You live and work in London where thousands of cyclists want to see radical change to improve cycling conditions. What do you think are the priorities for our capital?
Where to start? A blanket 20mph limit across the Central Activity Zone — this would, at a stroke, deliver safer cycling and also humanise large tracts of the city like Euston Road, the Victoria Embankment and Park Lane. This should also be applied to all residential areas and town centres in the suburbs.
We need more protected cycle lanes, we need continuous lanes and we need consistent signage and junctions right across the Greater London area. Boroughs doing their own thing is just not acceptable.
We should have Green Waves on traffic lights so that vehicles travelling at 12mph don’t have to keep stopping. We need to change the relationship between the different road users and cyclists should do their bit to improve relations. I find the quality of cycling in London often very poor, while there is a need for more training in schools, this above all requires a change in attitude.
Janette Sadik-Khan started a programme in New York called ‘Don’t be a jerk’ to encourage more considerate cycling. I get cut up by other cyclists as often as I do by taxi drivers.
From the architect’s perspective — is cycling becoming an essential ingredient of a liveable modern city?
Very much so. It fits in with overall strategies for delivering more sustainable buildings and cities. In calculating the energy efficiency of developments using the BREEAM assessment method points, are scored by providing facilities for cyclists. Developers are requiring more parking and showers for their occupiers as they realise it's essential if they are going to let the buildings, and planners are demanding increasing amounts of cycle parking — the City of London planners are doubling their requirement in regulations due to come into effect next year. They could all do more but cycling is certainly on all their agendas now.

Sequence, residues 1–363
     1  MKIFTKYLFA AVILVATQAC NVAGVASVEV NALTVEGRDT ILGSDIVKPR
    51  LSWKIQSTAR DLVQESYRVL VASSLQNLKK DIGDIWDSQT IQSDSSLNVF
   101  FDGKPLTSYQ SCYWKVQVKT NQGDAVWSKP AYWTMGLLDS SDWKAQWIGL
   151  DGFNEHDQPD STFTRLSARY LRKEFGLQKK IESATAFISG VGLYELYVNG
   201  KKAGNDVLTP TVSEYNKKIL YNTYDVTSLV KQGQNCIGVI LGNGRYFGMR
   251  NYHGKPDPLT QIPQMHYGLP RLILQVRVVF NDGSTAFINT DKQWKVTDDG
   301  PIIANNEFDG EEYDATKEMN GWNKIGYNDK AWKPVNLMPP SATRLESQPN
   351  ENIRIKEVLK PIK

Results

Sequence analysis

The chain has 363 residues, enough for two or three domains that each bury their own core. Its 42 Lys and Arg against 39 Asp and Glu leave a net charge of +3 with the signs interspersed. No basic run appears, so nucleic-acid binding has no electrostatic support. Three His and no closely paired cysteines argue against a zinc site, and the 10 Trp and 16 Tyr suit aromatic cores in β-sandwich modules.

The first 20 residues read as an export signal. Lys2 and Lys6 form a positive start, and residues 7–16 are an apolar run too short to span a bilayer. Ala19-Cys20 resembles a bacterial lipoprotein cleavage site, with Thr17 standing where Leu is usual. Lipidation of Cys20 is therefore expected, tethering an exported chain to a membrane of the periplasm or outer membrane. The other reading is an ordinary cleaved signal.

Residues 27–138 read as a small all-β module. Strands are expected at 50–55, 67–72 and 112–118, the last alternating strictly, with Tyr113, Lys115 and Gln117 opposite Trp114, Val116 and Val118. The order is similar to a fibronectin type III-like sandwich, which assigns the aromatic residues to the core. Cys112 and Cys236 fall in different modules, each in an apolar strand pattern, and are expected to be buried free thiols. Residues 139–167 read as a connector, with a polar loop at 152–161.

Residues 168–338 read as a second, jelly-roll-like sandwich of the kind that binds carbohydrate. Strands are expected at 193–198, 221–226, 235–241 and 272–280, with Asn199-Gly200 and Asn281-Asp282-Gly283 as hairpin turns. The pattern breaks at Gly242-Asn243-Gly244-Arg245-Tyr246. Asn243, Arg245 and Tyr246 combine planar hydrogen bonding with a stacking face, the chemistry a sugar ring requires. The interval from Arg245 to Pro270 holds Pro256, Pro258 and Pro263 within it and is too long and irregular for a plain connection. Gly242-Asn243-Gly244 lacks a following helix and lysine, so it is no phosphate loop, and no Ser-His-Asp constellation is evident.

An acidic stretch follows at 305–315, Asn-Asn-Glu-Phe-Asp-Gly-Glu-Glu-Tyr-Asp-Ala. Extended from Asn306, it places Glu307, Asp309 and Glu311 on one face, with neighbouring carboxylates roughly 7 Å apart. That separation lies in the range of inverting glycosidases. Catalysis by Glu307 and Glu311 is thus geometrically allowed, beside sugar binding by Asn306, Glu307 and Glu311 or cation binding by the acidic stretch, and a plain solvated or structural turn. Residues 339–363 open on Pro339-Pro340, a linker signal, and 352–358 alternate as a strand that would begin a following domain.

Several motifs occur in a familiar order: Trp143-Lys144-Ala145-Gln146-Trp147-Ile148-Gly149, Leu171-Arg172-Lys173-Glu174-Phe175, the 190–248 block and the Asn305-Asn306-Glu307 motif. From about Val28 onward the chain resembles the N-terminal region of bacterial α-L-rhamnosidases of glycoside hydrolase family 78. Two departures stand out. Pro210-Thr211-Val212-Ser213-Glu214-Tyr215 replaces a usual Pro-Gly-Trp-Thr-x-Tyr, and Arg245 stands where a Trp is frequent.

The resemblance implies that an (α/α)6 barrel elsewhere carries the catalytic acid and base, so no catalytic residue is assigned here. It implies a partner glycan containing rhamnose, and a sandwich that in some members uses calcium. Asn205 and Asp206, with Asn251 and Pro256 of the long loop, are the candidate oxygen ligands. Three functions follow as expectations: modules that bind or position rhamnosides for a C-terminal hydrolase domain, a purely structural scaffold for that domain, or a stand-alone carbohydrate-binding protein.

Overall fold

What was the message on cycling that you were getting from politicians in the US?
That it ticks a lot of boxes. It is healthier for a society where obesity and Diabetes 2 are at epidemic levels. It also improves air quality — two of the cities we visited, Pittsburgh and Cincinatti, were in the top ten of the US’s most polluted cities. In New York Mayor Bloomberg promoted cycling and walking as a way of improving the quality of public spaces in the city as well as a means of transport.
In Portland cycling is seen as a key part of the local economy supporting tourism, as well as local jobs and manufacturing. The bespoke bicycle business is growing exponentially. Chris King of Chris King Precision Components advises President Obama on how the bike industry can boost employment and regeneration. Rapha, who provided us with some great kit for the ride, have opened up their Club and email HQ in Portland. I rode across the US on a bike I had made in Portland by John McCaffrey of Kesho — a very comfy steel randonnée bike — because I’m very interested in the whole idea of making and manufacturing renaissance. John painted ‘Hand made in Portland Oregon’ across the frame.
When we rode through Bristol we were joined by the new Mayor George Ferguson who was excited by the success of the Bespoked Bristol exhibition and the lessons that has for the local economy.
As part of the preparation for your Portland to Portland ride your group visited Copenhagen, Rotterdam and Freiburg — what elements of what is being done in these cities would you like to see applied in London?
From Copenhagen: one-way separated bike lanes and bike lanes located on the near side of parked cars rather than on the off side, so that the cars create a buffer; motorists who, when turning across a cycle path, will wait for riders to go past rather than trying to push in.
In Rotterdam: standard junctions where the motorists’ stop line is always in advance of the bike route so that there is no fear that cars will shoot out in front of you.
In Freiburg: although most of the infrastructure is white line, the consistency of design and the continuity of lanes is such (and drivers so considerate) that cycling always felt very safe.